The word maiden in and of itself is an interesting introduction to the archetype.
I was curious as to whether or not the word itself would prove to be true in the analysis of the curriculum that this cycle covers. The definition of maiden in the Oxford English Dictionary, states, “1. archaic: an unmarried girl or young woman. 1.1 (of a female animal) not having mated. 2. [attributive] being or involving the first act of its kind.” It is important to note that at each stage we are offered increasing amount of access to what can be referred to as feminine wisdom, with shifting hormonal processes in the body – at each shift one experiences the potential for great learning.
It can be helpful to compare each archetype to a person who exemplifies this teaching in popular culture.
The archetype of Malala Yousafzai is a fantastic example of the maiden. If you are unfamiliar, Malala is known for her groundbreaking work promoting education for girls and young women; she is the youngest person to ever have been awarded the Nobel Peace Prize in 2014. She is certainly exemplifying the “first act of its kind” in this way.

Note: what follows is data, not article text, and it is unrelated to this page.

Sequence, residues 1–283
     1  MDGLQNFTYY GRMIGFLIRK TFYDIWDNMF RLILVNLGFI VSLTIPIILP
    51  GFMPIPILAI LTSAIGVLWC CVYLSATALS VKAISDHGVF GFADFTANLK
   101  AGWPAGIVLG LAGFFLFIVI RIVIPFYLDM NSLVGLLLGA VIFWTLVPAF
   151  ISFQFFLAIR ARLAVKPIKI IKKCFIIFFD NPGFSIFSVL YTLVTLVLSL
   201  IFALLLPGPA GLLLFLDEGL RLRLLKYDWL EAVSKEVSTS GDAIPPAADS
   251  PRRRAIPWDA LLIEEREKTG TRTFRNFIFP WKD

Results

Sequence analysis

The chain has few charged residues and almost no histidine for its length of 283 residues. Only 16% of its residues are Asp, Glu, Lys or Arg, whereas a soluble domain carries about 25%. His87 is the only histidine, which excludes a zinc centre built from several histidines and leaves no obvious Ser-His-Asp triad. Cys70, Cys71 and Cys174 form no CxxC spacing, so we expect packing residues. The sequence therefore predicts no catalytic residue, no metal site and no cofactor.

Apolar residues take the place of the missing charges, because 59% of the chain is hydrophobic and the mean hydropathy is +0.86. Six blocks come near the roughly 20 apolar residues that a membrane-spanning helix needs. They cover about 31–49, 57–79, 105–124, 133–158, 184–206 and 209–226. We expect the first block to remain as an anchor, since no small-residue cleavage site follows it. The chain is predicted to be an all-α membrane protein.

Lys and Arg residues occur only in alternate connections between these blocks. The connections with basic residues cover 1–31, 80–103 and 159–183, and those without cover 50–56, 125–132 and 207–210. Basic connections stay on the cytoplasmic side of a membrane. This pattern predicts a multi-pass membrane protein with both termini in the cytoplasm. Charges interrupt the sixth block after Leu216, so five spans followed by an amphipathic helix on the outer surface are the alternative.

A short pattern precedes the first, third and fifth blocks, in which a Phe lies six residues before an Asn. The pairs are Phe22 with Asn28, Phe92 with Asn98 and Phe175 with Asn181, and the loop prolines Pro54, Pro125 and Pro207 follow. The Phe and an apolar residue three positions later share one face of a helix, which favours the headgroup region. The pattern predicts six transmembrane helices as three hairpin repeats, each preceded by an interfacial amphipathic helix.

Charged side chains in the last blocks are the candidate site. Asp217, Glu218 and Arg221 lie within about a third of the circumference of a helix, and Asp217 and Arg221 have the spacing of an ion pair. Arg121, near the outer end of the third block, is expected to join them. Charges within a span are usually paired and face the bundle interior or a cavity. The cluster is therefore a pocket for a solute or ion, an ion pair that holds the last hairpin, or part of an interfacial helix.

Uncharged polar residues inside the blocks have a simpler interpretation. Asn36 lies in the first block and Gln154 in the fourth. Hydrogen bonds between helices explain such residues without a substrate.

The onset of the menses, or menarche is associated with the maiden archetype.
A transition from childhood, the transition of the maiden is one where the young girl takes a step toward “becoming” a woman. The relationship to the body most certainly changes with the onset of the menses or the first menstrual period (menarche). As it has been taught to me, this is the first time the young woman makes contact with the wisdom of the feminine.
As her cycle continues the access to intuition, connection to her body, feminine wisdom flows in and out like a current. Often, emotions are processed for the maiden cyclically, often in tandem with the menstrual cycle. This speaks to the reference in the first article wherein patients report frustration at having to retreat at the beginning or during any part of their menstrual cycle.
Often times retreat is an important part of this process and should not be avoided or masked.
Dysmenorrhea (or painful menstruation) is something that is often experienced during the time of this archetype (90% of adolescents) that said, painful menstruation can certainly happen later in life as well (25% of women). There are two types of dysmenorrhea, one that is primary (a more common type) and one that is due to pelvic abnormalities.